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Online ISSN 1827-1596
Luca CABRINI 1, Alberto GIANNINI 2, Margherita PINTAUDI 1, Federico SEMERARO 3, Giulio RADESCHI 4, Sara BORGA 4, Giovanni LANDONI 1, Herbert TROIANO 5, Marco LUCHETTI 6, Thomas PELLIS 7, Giuseppe RISTAGNO 8, Giulio MINOJA 9, Davide MAZZON 10, Daniela ALAMPI on behalf of the Emergency and of the Bioethics Task Forces of the Italian Society of Anesthesia, Analgesia, Resuscitation and Intensive Care (SIAARTI)
1 Anesthesia and Intensive Care Department, IRCCS San Raffaele Scientific Institute and Vita-Salute San Raffaele University, Milan, Italy; 2 Pediatric Intensive Care Unit, Fondazione IRCCS Ca’ Granda, Ospedale Maggiore Policlinico, Milan, Italy; 3 Anesthesia and Intensive Care Department, Maggiore Hospital, Bologna, Italy; 4 Anesthesia and Intensive Care Unit, San Luigi Hospital, Orbassano, Turin, Italy; 5 Department of Perioperative Medicine, in-hospital Emergency and Intensive Care, SS. Annunziata Hospital, Chieti, Italy; 6 Anesthesia and Intensive Care Unit, A. Manzoni Hospital, Lecco, Italy; 7 Anesthesia and Intensive Care Unit AAS 5, Ospedale Santa Maria degli Angeli, Pordenone, Italy; 8 IRCCS-Istituto di Ricerche Farmacologiche “Mario Negri”, Milan, Italy; 9 Anesthesia and Intensive Care Unit B, Azienda Ospedale di Circolo e Fondazione Macchi, Varese, Italy; 10 Anesthesia and Intensive Care, Ospedale San Martino, Belluno, Italy; 11 Dipartimento di Scienze Medico-Chirurgiche e di Medicina Traslazionale, Sant’Andrea Hospital, “La Sapienza” University, Rome, Italy
BACKGROUND: Medical Emergency Teams (METs) are frequently involved in ethical issues associated to in-hospital emergencies, like decisions about end-of-life care and intensive care unit (ICU) admission. MET involvement offers both advantages and disadvantages, especially when an immediate decision must be made. We performed a survey among Italian intensivists/anesthesiologists evaluating MET’s perspective on the most relevant ethical aspects faced in daily practice.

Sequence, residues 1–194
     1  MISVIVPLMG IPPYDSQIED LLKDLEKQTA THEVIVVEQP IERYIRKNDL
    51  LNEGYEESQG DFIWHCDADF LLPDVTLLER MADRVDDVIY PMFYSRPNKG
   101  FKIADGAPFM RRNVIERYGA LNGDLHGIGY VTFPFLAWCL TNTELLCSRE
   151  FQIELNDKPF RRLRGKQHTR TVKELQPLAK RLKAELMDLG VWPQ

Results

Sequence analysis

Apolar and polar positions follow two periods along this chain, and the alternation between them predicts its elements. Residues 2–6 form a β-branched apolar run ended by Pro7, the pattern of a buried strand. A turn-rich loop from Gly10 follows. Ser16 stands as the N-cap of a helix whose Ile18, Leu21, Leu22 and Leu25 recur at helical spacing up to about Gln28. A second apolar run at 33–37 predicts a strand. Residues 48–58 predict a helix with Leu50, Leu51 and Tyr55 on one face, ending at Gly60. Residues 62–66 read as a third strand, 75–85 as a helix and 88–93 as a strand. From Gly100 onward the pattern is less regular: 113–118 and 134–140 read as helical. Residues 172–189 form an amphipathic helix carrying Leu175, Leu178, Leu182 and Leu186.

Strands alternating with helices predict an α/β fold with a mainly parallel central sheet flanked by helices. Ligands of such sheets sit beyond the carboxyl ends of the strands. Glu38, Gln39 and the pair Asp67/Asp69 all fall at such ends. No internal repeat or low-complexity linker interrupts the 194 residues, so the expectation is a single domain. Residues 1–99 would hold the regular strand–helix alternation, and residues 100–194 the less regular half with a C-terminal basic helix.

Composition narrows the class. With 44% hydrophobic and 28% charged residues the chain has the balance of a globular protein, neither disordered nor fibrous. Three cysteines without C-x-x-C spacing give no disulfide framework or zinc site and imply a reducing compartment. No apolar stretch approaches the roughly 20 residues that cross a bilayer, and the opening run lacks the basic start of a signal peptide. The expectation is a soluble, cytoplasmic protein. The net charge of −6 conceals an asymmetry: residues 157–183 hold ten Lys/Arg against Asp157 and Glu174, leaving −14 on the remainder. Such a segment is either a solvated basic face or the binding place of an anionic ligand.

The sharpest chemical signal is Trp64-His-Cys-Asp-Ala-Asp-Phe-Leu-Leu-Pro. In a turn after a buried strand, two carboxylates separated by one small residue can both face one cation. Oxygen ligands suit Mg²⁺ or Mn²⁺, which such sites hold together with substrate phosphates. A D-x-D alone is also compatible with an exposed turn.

METHODS: A questionnaire was developed on behalf of the Italian scientific society of anesthesia and intensive care (SIAARTI) and administered to its members. Decision making criteria applied by respondents when dealing with ethical aspects, the estimated incidence of conflicts due to ethical issues and the impact on the respondents’ emotional and moral distress were explored.
RESULTS: The questionnaire was completed by 327 intensivists/anesthesiologists. Patient life-expectancy, wishes, and the quality of life were the factors most considered for decisions. Conflicts with ward physicians were reported by most respondents; disagreement on appropriateness of ICU admission and family unpreparedness to the imminent patient death were the most frequent reasons. Half of respondents considered that in case of conflicts the final decision should be made by the MET. Conflicts were generally recognized as causing increased and moral distress within the MET members. Few respondents reported that dedicated protocols or training were locally available.
CONCLUSION: Italian intensivists/anesthesiologists reported that ethical issues associated with in-hospital emergencies are occurring commonly and are having a significant negative impact on MET well-being. Conflicts with ward physicians happen frequently. They also conveyed that hospitals don’t offer ethics training and have no protocols in place to address ethical issues.